Saturday, February 14, 2009

On the scene

T.J. Herlihy lives a double life as police officer and actor

The phrase "don’'t quit your day job" gets tossed around a lot when an amateur tries an artistic endeavor. But if T.J. Herlihy didn't love his day job so, he could probably quit and become an actor.

Herlihy has performed in three community theater productions. By "day," he is a police officer for Conway (New Hampshire) Police Department.

"I think that it's great he does both,”" said Chris Wong, a teacher at Kennett High School, who worked with Herlihy while he was the school resources officer. "“It makes him and the policemen more approachable, because it makes them more human.”"

Wong knew Herlihy before he entered into both police work and acting and believes that both are a perfect fit for him.

"I think that being a police officer and an actor have been natural extensions for him,"” said Wong. “"He has always been charismatic, good natured, and fair.”"

Herlihy is supported in his acting pursuits by the police department, which, according to Lt. Chris Perley, encourages its officers to participate in recreational pursuits and activities that benefit the community.

"It would appear that he has been able to combine a passion for the theater with something that will also be enjoyed by many, many community members and we encourage that because police work can be a stressful and dangerous line of work and we want officers to be well-rounded in all aspects of their life,”" said Perley.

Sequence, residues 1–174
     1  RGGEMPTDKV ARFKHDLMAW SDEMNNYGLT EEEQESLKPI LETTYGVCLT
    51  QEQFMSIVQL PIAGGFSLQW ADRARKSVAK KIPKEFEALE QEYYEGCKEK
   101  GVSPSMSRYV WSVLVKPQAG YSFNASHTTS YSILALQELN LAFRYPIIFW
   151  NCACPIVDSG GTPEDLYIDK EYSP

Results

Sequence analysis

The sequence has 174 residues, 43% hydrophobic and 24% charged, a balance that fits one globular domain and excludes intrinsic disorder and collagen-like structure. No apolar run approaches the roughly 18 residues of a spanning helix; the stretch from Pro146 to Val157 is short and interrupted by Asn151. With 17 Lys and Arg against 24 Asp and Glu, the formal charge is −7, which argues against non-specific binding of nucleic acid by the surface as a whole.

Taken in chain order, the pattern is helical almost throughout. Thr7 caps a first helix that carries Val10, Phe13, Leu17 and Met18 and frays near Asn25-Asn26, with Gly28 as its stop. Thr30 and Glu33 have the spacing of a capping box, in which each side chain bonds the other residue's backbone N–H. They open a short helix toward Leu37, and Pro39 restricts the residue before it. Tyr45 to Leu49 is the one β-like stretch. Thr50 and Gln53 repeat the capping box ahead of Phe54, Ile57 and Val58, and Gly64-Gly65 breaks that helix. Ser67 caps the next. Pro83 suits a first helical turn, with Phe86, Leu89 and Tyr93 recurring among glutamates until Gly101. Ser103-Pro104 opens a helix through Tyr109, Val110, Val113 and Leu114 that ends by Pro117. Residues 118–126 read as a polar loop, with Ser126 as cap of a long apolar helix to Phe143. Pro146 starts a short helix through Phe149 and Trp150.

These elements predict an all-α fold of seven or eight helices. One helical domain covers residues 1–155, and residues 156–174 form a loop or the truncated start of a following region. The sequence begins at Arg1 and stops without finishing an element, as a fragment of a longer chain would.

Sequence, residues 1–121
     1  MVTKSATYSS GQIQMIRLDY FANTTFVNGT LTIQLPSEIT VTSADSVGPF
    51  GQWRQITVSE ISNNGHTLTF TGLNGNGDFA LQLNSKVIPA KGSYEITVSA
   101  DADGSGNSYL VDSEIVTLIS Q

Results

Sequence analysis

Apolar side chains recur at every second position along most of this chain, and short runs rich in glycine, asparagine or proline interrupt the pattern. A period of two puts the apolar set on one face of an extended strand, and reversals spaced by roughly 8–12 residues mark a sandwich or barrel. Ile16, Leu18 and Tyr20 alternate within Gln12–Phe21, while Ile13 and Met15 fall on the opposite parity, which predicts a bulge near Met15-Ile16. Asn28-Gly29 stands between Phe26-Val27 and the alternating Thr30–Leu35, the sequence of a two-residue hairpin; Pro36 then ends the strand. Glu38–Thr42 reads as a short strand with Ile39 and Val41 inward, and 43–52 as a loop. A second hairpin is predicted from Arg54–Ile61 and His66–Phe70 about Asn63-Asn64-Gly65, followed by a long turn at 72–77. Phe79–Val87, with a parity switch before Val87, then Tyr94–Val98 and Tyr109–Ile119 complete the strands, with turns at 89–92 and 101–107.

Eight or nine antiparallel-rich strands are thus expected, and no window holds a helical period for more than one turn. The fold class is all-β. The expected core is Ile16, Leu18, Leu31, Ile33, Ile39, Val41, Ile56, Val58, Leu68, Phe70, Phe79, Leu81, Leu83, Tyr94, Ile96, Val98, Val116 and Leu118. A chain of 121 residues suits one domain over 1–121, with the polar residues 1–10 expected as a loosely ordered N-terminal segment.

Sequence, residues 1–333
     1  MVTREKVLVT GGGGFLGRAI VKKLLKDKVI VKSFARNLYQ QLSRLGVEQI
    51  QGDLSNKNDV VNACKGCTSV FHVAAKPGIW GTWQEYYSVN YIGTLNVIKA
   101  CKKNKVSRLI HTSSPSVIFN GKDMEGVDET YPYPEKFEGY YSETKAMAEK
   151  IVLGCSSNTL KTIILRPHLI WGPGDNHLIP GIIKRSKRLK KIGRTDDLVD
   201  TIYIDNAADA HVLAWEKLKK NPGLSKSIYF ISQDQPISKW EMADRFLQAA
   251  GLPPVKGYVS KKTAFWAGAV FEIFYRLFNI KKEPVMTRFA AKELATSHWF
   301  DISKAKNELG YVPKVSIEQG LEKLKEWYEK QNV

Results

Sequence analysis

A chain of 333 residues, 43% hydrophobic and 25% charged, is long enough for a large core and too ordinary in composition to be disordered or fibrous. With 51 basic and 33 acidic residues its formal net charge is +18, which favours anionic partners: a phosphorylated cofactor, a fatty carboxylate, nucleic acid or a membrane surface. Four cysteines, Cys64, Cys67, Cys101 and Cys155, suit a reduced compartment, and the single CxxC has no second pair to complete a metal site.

Herlihy got into police work because it has always been part of his nature to want to help others, and becoming a police officer seemed the natural progression of that impulse.

"At the time I applied I was in a place where I wasn’'t going anywhere, so I saw the ad in the paper and thought, '‘Huh,'’”" said Herlihy. "“I had thought about becoming a police officer, people around me had talked about me becoming one, and I just went for it. I thought it would be interesting, definitely another way to help people."

At first glance, acting and police work may seem like an odd combination, but a closer look reveals parallels.

"Presence might be a good portion of it because when you arrive on the scene you need to present a confident, knowledgeable, you know what you'’re doing [attitude],”" said Herlihy. "“Sometimes you really have to take control of the scene. That’s the only way to make sure the scene is safe. So having the presence, busting out the confidence on stage comes from the police work.”"

Herlihy also possesses an extroverted personality that always him to be able to transfer what he learned on the scene into a scene on stage.

“"He is a goofy guy,”" said Rae McCarey, who has acted with Herlihy twice. "“I don'’t know if I a lot of people know that because his job means a lot to him. He takes it very seriously and you only get this glimpse through the rabbit hole, so to speak, of T.J. being funny.”"

Herlihy will freely admit to his sillier side.